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Publication numberUS3865597 A
Publication typeGrant
Publication dateFeb 11, 1975
Filing dateFeb 4, 1974
Priority dateMar 26, 1973
Publication numberUS 3865597 A, US 3865597A, US-A-3865597, US3865597 A, US3865597A
InventorsBarret Broyde
Original AssigneeWestern Electric Co
Export CitationBiBTeX, EndNote, RefMan
External Links: USPTO, USPTO Assignment, Espacenet
Additives to negative photoresists which increase the sensitivity thereof
US 3865597 A
Abstract
The use of a scanning electron beam to generate a pattern in a negative photoresist is known. Electron beam equipment can be made which is capable of scanning very quickly, but standard negative photoresists require such a large flux of electrons for proper exposure that the scanning equipment must be operated at speeds substantially slower than the capability of the equipment. By adding certain compounds which dissociate readily into free radicals to the photoresist, the sensitivity or speed of the photoresist is effectively increased. As a result, the electron beam can scan at a higher rate. Compounds which are most effective are benzophenone, benzil and 1,4-diphenyl-1,3-butadiene.
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United States Patent [191 Broyde ADDITIVES TO NEGATIVE PHOTORESISTS WHICH INCREASE THE SENSITIVITY THEREOF Inventor: Barret Broyde, Lawrence Township,

Mercer County, NJ.

Western Electric Company, Incorporated, New York, NY.

Filed: Feb. 4, 1974 Appl. No.: 439,660

Assignee:

US. Cl 96/115 R, 96/35.l, 96/362,

96/91 N, 117/9331, 204/159.18, 252/500 Int. Cl G03c 1/68, G03c 1/70 Field of Search 96/115 R, 91 N; 252/500 References Cited UNITED STATES PATENTS 2/1954 Minsk et a1. 96/115 R 2/1954 Minsk et a1. 96/1 15 R 9/1958 Hepher et a1. 96/91 N 9/1970 Sloan 96/115 R [451 Feb. 11,1975

3,594,243 7/1971 Deutsch et a1 96/35.1

OTHER PUBLICATIONS Primary Examiner-Ronald H. Smith Attorney, Agent, or Firm-J. Rosenstock [57] ABSTRACT The use of a scanning electron beam to generate a pattern in a negative photoresist is known. Electron beam equipment can be made which is capable of scanning very quickly, but standard negative photoresists require such a large flux of electrons for proper exposure that the scanning equipment must be operated at speeds substantially slower than the capability of the equipment. By adding certain compounds which dissociate readily into free radicals to the photoresist, the sensitivity or speed of the photoresist is effectively increased. As a result, the electron beam can scan at a higher rate. Compounds which are most effective are benzophenone, benzil and 1,4-diphenyl-1,3-butadiene.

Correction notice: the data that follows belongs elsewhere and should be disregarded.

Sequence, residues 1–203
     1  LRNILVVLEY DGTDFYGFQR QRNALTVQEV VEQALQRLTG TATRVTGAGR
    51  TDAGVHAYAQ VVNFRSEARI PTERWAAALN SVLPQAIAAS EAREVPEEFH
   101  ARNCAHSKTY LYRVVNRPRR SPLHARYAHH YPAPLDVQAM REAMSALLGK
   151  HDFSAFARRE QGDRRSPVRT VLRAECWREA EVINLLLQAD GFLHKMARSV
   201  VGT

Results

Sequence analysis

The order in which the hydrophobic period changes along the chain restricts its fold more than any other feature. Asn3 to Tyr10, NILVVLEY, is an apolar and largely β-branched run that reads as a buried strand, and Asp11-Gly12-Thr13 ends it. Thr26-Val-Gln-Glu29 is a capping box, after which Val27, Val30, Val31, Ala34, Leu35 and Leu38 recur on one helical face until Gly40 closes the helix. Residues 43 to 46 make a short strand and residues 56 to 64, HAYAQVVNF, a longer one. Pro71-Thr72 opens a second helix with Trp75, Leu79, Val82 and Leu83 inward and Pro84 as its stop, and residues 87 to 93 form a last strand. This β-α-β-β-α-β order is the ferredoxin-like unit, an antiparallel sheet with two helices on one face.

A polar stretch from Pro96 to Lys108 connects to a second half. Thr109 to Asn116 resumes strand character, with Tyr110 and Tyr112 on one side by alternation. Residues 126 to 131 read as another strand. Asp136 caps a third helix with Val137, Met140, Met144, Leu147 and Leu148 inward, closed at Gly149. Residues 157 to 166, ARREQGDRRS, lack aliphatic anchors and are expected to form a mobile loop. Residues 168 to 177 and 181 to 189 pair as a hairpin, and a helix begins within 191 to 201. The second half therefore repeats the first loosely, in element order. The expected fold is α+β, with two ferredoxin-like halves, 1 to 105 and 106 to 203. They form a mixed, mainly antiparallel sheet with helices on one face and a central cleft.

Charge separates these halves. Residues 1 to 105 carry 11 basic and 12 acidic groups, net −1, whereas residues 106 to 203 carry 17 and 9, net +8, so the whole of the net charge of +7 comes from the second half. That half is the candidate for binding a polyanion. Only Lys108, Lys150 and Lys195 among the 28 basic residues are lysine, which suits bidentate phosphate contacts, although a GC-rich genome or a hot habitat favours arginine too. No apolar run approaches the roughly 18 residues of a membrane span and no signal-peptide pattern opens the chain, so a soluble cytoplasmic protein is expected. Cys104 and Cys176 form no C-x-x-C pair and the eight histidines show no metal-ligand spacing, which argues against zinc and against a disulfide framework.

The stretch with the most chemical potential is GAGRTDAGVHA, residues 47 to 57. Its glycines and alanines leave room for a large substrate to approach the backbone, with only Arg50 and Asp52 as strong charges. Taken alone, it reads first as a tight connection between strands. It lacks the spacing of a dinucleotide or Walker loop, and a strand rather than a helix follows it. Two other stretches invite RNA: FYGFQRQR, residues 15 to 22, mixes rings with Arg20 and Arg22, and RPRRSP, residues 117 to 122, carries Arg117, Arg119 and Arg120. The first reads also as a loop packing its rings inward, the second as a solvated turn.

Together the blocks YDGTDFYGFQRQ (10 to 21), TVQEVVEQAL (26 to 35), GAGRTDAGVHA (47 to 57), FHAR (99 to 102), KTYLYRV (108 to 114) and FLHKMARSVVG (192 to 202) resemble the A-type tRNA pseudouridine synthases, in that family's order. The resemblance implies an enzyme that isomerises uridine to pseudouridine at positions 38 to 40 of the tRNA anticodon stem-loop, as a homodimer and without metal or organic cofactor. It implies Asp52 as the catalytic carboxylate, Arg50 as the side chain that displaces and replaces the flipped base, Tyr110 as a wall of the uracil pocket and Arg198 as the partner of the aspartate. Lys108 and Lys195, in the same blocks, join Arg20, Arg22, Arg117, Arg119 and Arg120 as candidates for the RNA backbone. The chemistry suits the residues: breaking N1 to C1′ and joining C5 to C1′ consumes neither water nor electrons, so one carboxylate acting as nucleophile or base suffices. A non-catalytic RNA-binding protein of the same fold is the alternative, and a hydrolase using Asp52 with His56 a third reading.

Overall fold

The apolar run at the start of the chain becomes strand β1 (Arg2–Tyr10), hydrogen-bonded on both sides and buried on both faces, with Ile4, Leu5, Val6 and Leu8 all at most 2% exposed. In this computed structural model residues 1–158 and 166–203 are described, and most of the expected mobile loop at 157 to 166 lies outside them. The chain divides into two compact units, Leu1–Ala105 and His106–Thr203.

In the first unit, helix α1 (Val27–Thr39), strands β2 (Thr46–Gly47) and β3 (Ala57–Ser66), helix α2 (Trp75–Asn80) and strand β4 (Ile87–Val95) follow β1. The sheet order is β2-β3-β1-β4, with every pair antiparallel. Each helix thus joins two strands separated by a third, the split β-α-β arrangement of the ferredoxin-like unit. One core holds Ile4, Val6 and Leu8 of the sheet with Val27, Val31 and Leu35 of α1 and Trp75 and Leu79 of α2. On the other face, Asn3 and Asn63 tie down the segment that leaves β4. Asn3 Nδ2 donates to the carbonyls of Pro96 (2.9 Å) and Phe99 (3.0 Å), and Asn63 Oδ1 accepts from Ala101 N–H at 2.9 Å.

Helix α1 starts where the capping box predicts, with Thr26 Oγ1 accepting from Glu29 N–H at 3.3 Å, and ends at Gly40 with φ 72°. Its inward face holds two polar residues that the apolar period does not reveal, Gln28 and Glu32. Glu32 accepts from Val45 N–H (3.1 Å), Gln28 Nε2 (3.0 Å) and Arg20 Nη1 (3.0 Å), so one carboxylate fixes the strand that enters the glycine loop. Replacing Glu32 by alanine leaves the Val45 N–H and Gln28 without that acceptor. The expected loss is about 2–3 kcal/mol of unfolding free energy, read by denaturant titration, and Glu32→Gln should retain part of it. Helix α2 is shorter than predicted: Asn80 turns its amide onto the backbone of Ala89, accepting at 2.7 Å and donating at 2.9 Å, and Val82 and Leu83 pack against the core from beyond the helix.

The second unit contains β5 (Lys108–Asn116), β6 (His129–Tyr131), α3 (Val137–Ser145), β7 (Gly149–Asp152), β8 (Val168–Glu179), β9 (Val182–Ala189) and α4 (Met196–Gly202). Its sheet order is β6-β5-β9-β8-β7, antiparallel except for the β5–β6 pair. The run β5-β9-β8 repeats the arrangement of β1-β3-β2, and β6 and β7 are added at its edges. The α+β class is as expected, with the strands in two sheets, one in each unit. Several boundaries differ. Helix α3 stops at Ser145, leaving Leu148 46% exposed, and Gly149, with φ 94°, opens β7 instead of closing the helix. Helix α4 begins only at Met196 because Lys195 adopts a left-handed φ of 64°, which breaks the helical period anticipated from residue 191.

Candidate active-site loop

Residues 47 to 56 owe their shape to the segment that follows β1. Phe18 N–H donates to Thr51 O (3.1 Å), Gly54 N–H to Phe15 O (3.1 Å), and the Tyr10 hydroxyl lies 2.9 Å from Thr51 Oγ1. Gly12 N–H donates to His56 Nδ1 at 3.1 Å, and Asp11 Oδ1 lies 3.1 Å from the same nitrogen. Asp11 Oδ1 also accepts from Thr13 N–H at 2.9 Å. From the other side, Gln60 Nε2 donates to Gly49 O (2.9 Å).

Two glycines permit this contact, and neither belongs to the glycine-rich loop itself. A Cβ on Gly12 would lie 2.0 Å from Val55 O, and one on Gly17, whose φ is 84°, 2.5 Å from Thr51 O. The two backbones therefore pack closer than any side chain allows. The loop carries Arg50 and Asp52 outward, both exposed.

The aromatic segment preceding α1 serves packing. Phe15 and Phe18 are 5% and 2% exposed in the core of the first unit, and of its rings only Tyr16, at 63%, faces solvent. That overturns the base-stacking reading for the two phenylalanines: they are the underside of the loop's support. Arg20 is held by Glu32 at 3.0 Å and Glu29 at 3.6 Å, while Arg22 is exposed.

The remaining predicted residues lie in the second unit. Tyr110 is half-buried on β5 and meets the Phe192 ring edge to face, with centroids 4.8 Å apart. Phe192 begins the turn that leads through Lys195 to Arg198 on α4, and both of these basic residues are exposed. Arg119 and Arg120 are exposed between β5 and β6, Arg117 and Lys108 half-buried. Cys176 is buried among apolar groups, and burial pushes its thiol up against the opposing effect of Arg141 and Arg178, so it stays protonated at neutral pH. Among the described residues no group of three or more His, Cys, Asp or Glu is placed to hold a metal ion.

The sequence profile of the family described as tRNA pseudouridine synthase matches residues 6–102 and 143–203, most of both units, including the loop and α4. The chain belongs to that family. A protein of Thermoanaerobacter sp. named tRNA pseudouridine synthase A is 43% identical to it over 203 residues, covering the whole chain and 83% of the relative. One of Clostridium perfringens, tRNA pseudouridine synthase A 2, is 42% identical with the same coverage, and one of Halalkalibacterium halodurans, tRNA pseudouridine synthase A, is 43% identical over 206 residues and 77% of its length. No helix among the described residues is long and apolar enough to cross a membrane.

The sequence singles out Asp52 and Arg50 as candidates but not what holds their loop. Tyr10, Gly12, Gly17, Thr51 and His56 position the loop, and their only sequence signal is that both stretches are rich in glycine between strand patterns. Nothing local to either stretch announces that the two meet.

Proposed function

6 Claims, 3 Drawing Figure RESIST THICKNESS ()1 PARTIALLY CYCLIZED CIS POLYISOPRENE a 1.0% BENZOPHENONE 0.4 I

I PARTIALLY CYCLIZED CIS POLYISOPRENE 0.1 I l l A I l I I l l 0 2 4 s 8 IO I2 I4 I6 DOSE DENSITY (,U COULOMBS /CM RESIST THICKNESS (M) PARTIALLY CYCLIZED CIS POLYISOPRENE BI I.O BENZIL PARTIALLY CYCLIZED CIS POLYISOPRENE RESIST THICKNESS (MI PARTIALLY CYCLIZED CIS POLYISOPRENE (a 01% |,4- DIPHENYLIJ-BUTADIENE 0.4 z

0.2 PARTIALLY CYCLIZED CIS POLYISOPRENE 1 0| I I I I I I 02468|OI2|4I6 DOSE DENSITY I C0ULOMBS/CM2) ADDITIVES TO NEGATIVE PHOTORESISTS WHICH INCREASE THE SENSITIVITY THEREOF CROSS REFERENCE TO RELATED APPLICATION This is a division of application Ser. No. 344,790 filed Mar. 26, 1973, now US. Pat. No. 3,808,155, which is a continuation-in-part of my copending application, Ser. No. 137,032, filed Apr. 23, l97l, said application being a continuation of my application Ser. No. 764,866, filed Oct. 3, 1968, both now abandoned. Said copending application is assigned to the same assigned as the instant application.

BACKGROUND OF THE INVENTION Thornley 1. Field of the Invention This invention relates generally to additives to negative photoresists which increase the sensitivity thereof and, more particularly, the invention relates to additives to standard negative photoresists which result in increased reactivity of the photoresist. The invention has particular application in, but is not limited to, the generation of microminiature circuit patterns by electron beam exposure of negative photoresists.

A negative photoresist is an organic material which, when exposed to radiation, undergoes chemical reactions of the type referred to as crosslinking, which reactions result in insolubilizing the exposed photoresist. The crosslinking reactions are of the type that can be initiated either by light or by electrons. Because it is possible to generate electron beams of substantial energy but only 0.1; or smaller diameter, their use in the generation of extremely small circuit patterns is preferred to the use of light. Electron beams also have a much better resolution capability than is possible when using an optical mask and light exposure, and they have a much greater depth of focus. The exposure of a con ventional positive photoresist involves solubilization of the exposed areas, and the chemical reactions involved are of the scission or degradation type, which also require absorption of light or electrons. Because this type of photoresist requires higher flux densities for proper exposure than negative photoresists require, electron beams are not widely employed in this service. Materials that have been successfully used as electronsensitive positive photoresists are discussed by Haller et al., IBM Journal, May 1968, pp. 251-256.